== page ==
Friday, September 01, 2017

New Album: Ex Machina

It was one year ago today I released my seven albums over on Bandcamp all at once. Or “rereleased” one could say, as they all had been floating around in highly obscure fashion as cassettes and/or compact discs since way back in the day.

The music contained on all seven was recorded from the late 1980s through the early 2000s. In other words, it’s safe to say even the newest tracks on the seventh one, Circular Logic, were all well over a decade old, with some of the earliest material dating back more than a quarter-century (sheesh).

Here they are (all available for free download, if you’re curious):

  • Daisy Hawkins (1987-1990)
  • Carnation, Lily, Lily Rose (1989-1991)
  • Perpetuum Mobile (1990-1991)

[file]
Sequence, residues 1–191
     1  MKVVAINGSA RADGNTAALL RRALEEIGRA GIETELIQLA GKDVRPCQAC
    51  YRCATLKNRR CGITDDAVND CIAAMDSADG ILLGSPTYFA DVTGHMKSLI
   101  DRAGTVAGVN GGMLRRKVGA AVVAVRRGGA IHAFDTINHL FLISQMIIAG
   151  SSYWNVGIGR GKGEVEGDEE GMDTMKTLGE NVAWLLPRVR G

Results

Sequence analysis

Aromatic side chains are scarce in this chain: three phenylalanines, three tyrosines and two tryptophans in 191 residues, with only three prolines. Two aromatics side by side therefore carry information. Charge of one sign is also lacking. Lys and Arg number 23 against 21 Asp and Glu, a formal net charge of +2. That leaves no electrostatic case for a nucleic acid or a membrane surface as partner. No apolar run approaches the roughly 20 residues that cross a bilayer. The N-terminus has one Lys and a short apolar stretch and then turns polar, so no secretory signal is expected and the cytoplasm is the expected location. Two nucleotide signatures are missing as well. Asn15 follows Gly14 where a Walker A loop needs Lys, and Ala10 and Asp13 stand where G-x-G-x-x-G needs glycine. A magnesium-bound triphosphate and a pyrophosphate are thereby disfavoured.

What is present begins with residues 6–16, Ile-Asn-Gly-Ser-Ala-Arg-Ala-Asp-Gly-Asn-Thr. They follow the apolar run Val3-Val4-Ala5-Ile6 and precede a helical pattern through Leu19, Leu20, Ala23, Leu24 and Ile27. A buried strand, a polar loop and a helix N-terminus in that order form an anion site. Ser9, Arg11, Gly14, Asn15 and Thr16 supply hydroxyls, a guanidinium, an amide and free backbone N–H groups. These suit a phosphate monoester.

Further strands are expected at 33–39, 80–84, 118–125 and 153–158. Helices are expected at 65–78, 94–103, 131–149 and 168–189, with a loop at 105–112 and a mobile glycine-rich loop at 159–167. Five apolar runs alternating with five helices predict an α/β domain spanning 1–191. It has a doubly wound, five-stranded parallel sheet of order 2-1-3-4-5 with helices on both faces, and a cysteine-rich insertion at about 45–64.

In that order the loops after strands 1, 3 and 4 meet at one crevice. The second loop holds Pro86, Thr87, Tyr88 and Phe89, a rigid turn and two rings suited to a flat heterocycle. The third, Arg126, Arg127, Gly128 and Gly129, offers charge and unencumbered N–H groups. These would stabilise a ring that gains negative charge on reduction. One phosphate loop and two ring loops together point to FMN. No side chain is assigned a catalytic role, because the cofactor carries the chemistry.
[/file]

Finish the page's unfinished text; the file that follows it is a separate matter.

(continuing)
• The Omni-Balsamic Reinvigorator (1991-1995)
  • Imbroglio (1991-1993)
  • Welcome to Muscle Beach (1993-1999)
  • Circular Logic (2000-2003)
  • I describe each of the albums in a post here from last year. Clicking through to my Bandcamp page also gets you to more information about each album (and each track). Six of the seven albums are all instrumental, with my pop-rock opus Welcome to Muscle Beach the only one featuring songs with lyrics & my vocals. (It’s my Revolver, I joke.)

    The music was played on various instruments (guitars, bass, keyboards, pianos, percussion, keyboards and synths, and a midi sequencer) and produced using an old Tascam 4-track cassette recorder which I still own although is hardly in working condition anymore.

    These days with Garage Band and similar programs the work of producing such self-made music has become so much simpler to do. Indeed, the process of digitizing these old tracks and releasing it all on my own has become trivially easy today compared to what had to be done way back when in order to get your recorded music heard by even a small audience.